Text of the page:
Experts all suggest that this phase of grief is not only common but ultimately healthy. In order to heal, we must allow ourselves to feel, to cry and to mourn. This is a part of a normal healing process. Life is all about loss – we along with all of nature are continually in a state of creation and re-creation where, in order for new life to occur, some loss must happen.
To deny our loss or to sublimate the feeling is to remain in the first stage of denial. Too often our cultures tells us that grief must be stoic, silent and unmentioned. It is not proper or mature to cry, to mourn and to deeply feel a loss. Many experts disagree. And I do too. We all know that crying or venting our anger in safe places is cathartic, that it releases pent-up emotions and thus gives them free expression.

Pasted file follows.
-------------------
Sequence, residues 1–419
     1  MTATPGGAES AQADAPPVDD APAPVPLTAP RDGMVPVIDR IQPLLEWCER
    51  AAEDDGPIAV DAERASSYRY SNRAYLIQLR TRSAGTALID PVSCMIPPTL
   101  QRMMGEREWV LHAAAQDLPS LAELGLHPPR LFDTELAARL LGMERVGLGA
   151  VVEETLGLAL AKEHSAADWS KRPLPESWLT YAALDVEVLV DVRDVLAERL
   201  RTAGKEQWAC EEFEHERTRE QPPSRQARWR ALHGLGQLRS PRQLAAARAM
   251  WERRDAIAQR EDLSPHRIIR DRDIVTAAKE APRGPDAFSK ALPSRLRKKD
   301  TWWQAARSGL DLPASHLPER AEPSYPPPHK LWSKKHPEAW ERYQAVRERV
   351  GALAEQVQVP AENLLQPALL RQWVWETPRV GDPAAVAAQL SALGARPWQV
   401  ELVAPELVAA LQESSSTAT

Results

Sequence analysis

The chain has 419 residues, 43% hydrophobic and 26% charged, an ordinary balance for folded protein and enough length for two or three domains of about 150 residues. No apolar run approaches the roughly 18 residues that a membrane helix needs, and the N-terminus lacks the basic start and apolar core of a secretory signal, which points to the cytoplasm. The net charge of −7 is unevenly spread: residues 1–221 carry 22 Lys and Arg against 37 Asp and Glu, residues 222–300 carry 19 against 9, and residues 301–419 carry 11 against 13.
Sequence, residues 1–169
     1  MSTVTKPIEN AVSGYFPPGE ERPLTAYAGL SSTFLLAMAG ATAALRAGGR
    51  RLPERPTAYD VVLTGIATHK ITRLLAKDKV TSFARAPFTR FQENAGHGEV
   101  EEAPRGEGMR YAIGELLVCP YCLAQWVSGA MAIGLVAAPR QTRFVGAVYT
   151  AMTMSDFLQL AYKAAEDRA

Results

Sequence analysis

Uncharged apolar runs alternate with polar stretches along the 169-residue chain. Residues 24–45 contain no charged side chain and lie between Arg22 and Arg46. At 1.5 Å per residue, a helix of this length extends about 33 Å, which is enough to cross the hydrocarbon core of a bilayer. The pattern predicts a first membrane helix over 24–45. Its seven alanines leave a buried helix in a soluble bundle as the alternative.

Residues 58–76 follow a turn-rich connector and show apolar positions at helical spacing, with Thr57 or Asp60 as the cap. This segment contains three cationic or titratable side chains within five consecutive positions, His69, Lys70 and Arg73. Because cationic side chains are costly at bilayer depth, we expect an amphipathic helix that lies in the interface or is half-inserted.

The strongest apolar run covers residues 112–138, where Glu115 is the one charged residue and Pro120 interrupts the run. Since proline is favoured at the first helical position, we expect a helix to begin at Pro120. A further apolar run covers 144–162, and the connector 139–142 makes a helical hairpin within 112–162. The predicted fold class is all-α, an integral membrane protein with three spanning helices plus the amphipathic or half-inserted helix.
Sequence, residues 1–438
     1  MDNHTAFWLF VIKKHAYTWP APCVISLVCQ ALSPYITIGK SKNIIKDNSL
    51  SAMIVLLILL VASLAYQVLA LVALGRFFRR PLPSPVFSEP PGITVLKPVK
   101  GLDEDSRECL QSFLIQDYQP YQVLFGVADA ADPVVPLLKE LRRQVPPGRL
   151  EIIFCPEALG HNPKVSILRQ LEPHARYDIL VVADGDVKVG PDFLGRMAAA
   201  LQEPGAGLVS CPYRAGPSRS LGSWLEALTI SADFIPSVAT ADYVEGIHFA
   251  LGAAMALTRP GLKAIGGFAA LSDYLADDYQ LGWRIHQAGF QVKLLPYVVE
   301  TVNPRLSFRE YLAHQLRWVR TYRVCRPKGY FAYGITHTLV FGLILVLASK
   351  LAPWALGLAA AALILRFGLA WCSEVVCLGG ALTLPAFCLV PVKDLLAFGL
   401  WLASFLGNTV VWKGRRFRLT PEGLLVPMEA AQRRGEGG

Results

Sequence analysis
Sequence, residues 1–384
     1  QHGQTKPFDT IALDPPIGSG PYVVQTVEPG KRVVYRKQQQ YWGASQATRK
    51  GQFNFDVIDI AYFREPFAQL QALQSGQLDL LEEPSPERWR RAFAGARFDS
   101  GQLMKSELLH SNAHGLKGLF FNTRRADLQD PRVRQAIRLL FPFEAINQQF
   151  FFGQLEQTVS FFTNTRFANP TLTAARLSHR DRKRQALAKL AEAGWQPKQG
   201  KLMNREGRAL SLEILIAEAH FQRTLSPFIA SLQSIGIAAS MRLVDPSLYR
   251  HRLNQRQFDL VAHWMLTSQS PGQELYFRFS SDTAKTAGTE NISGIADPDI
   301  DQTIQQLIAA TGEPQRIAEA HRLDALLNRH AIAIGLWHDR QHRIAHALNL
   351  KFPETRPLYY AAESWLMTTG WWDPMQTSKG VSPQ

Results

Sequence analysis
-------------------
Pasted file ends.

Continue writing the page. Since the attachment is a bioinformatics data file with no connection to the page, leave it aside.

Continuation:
In one often quoted teaching from Jesus – “the truth will set you free” – I believe it is in acknowledging the truth of our feelings and their open expression that our hearts and minds are liberated. In this regard, we are not alone and we should seek friends, family and communities like the Gathering to share our grief. In doing so, we accept our loss of love and the pain that results. In our state of grief, we must also give ourselves time and space to experience it fully. Some might cry once and that is enough. For others, the pain is more acute and it must be continually acknowledged and brought into the open with gentle friends or with professional counselors. As Jesus taught in his Sermon on the Mount, “Blessed are those who mourn, for they will be comforted.”